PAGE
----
On his album Parce qu’on aime (Because We Love) the young father sings about the ups and downs of a couple who’ve become parents, as well as those of a planet that seems to have subscribed to hatred.

CorneilleCorneille isn’t a powerful social media presence, but you can still find a few pictures of he and his partner dressed to the nines on one red carpet or another.

Quite the opposite of the daily grind chronicled on Parce qu’on aime, the eternal gentleman’s eighth album. The record features 11 songs, without the typical sort of filters that transform truth into a fairy tale for the sake of the song. To wit, the unequivocal, and unfiltered, title of the second song: “Manque de sommeil” (“Lack of Sleep”).

“When you’re successful, you get the impression you need a formula, but there is none, and that makes us super-insecure,” says the 41-year-old artist, about the doubt he’s long harboured, and finally sheds on this album. “It’s a danger that faces most artists who are very successful right from the start: when you start looking for that formula, you lose your spontaneity, your creativity, and your authenticity. It can quickly become tiresome when, every time you walk onstage or release an album, you’re betting your own life on it – when it could simply be cool, simple, and easy. Being creative requires you to be bold, to get to the bottom of things, and often, getting to the bottom of things simply means fundamentally remembering who we are.”

It turned out to be just as cool, simple, and easy as an SMS he got from his wife, Sofia de Medeiros. “What if we told our story as parents?” wrote his wife, and official lyricist (since 2009’s Sans titre) while he was in the studio. What if they told the story of the storm that’s rocking their days and nights, that fills their hearts with joy, and makes the bags under their eyes heavier every day?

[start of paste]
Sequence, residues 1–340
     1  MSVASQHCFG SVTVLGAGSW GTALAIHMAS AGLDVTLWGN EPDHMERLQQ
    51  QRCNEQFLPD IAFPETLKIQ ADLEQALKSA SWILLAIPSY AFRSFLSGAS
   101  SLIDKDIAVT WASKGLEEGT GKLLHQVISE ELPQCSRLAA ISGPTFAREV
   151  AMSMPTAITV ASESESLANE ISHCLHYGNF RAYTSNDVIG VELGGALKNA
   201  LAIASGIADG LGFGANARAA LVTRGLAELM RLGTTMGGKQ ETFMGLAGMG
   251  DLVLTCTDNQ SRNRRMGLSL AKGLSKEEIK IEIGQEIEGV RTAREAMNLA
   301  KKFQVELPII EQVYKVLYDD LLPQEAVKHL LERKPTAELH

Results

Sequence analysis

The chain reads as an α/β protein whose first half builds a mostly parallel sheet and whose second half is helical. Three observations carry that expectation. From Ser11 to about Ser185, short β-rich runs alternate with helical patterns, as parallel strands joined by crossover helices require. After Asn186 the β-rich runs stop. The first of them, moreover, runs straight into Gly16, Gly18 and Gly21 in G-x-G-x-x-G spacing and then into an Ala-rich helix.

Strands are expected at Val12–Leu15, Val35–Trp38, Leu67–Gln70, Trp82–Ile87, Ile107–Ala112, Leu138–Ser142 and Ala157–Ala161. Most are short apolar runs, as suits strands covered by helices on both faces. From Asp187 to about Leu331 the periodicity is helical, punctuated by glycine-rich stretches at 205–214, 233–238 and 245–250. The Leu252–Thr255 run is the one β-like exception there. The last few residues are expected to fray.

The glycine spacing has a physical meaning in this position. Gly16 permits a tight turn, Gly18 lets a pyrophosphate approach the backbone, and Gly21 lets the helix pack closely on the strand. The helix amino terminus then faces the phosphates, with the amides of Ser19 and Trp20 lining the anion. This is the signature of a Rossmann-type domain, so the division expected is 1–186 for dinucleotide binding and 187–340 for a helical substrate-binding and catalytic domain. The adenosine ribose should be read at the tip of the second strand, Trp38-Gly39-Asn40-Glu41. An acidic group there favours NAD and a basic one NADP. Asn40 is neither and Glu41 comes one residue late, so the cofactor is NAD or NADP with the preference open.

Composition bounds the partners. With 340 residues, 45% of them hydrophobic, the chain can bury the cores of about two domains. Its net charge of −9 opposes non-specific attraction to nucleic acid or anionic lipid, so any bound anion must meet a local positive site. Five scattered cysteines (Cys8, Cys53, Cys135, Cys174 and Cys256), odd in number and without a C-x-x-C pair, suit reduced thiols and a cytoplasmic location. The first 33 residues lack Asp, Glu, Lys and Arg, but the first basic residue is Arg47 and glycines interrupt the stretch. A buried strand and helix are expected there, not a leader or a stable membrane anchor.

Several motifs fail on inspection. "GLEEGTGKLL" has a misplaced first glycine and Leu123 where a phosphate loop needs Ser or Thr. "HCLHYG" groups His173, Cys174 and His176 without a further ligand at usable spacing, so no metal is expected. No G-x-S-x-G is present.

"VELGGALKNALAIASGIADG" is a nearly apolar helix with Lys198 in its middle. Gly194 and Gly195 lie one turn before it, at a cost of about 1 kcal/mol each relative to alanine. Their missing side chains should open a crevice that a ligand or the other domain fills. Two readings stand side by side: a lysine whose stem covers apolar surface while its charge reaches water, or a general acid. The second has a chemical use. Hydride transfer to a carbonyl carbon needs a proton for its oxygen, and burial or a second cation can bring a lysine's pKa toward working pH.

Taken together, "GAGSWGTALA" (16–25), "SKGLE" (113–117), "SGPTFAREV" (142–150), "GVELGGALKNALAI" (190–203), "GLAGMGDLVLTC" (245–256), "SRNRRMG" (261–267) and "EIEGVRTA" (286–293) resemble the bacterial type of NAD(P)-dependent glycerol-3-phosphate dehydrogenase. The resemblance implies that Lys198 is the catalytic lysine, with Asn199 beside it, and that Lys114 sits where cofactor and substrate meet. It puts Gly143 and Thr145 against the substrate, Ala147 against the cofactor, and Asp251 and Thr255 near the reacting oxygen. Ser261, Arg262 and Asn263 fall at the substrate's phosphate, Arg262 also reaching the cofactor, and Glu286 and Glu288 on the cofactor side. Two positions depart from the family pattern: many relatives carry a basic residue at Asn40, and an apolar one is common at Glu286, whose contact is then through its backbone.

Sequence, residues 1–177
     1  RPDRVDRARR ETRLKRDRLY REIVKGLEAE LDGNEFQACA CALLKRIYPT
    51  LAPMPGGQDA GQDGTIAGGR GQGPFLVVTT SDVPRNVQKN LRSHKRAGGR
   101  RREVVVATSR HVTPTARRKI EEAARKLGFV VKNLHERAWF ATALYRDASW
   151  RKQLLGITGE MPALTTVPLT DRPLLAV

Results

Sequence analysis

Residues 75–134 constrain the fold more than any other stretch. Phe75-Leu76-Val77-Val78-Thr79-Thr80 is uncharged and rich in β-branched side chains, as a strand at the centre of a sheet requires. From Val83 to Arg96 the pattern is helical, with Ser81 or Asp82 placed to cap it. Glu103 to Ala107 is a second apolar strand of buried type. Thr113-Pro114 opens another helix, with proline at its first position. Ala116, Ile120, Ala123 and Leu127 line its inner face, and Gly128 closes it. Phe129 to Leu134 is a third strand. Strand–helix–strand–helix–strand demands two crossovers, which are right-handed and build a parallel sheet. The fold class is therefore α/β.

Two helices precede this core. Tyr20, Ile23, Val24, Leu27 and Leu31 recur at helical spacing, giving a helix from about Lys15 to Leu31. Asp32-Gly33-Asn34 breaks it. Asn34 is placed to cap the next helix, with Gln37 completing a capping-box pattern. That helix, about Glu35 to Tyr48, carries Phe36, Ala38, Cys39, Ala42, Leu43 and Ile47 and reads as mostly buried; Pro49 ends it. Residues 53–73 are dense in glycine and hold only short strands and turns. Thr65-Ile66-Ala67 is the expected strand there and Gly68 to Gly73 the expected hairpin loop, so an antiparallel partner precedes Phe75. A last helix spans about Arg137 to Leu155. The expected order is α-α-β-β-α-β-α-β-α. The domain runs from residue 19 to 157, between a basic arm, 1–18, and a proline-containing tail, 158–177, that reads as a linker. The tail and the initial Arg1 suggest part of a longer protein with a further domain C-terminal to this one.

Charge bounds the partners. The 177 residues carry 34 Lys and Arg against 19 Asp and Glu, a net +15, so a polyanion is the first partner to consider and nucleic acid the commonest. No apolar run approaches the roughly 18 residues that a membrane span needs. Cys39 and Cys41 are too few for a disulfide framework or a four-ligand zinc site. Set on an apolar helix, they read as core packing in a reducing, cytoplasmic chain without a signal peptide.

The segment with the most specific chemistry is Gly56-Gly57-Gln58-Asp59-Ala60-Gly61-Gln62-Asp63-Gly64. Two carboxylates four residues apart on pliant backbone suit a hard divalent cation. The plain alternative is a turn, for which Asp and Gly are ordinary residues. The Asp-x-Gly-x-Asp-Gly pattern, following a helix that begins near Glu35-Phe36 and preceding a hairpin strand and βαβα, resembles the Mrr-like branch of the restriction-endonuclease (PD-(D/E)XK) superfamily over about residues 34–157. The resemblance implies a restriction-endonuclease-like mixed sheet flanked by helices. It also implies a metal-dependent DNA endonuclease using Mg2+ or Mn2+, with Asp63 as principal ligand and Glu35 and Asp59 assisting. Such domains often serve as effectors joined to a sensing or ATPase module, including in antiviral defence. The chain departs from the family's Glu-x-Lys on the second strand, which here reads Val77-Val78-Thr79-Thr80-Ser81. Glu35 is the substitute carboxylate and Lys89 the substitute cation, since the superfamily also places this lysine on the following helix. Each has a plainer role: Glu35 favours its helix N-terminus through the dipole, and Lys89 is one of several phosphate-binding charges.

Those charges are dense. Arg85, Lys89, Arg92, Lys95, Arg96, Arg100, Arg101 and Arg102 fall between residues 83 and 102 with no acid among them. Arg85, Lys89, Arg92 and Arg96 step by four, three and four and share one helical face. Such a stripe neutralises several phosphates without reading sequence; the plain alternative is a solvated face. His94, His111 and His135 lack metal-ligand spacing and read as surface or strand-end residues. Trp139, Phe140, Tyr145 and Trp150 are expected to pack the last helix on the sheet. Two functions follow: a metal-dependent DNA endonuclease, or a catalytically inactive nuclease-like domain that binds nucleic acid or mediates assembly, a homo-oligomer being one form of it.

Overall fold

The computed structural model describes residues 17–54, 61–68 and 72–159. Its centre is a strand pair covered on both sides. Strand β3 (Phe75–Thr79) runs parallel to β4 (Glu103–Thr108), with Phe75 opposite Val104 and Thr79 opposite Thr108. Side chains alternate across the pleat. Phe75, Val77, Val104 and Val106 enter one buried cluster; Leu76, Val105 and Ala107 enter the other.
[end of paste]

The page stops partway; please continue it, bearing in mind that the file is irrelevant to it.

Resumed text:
“We were right in the middle of it all, we weren’t getting enough sleep, and it had an impact on our entire lives. We were incredibly irritable,” says Corneille, laughing. The father of a three-year-old daughter and an eight-year-old boy now sings (although they’re her lyrics): “Ne me regarde pas comme ça / Je ne t’aime pas moins / Je nous ai juste perdus de vue / Ça fait des années qu’on ne dort pas / Ce n’est pas que je suis loin / C’est la fatigue qui m’a en garde à vue.” (Don’t look at me like that / I don’t love you any less / I’ve just lost touch with us / We haven’t slept in years / It’s not that I’m far away / Exhaustion has me in its custody).

“We thought it was a good song to write, precisely because it’s not an Instagram theme,” says Corneille. “A song about sleep deprivation is not quite sexy, but we wanted to talk about the transformation of love, from the passion of the beginning to becoming deeper and deeper. We wanted to chronicle the daily lives of two people who chose each other to overcome the inevitable adversities of life. We need to talk about the less spectacular and less idyllic side of love.”

True Soul

Although Corneille’s music is hip to current American R&B and pop sounds, he also adheres to the great tradition of soul – one that embraces life, and avoids music that’s only about bodily impulses. Thus, he’s simultaneously a father and a citizen on Parce qu’on aime, an album where, on the song “Philadelphie,” he salutes Ella Fitzgerald as well as Boys II Men in a homage to the city, a Mecca of unpretentious music.

“Making soul music is an attempt to be true,” says the man who hasn’t been truer since Parce qu’on vient de loin (2002), the album that introduced him to audiences in Québec and in France, but that also revealed his horrible past.

The new impression we get, being re-acquainted with someone with whom we’d lost touch, isn’t just  an impression. Although he was never totally absent, it’s true that for quite awhile he hadn’t inhabited his somgs with as much intensity as he did when he sang about his urgency to live (Parce qu’on vient de loin), the insistence of his inner demons (Seul au monde), or his craziest ambitions (Rêves de star). His previous project, Love & Soul, was, after all, a covers album.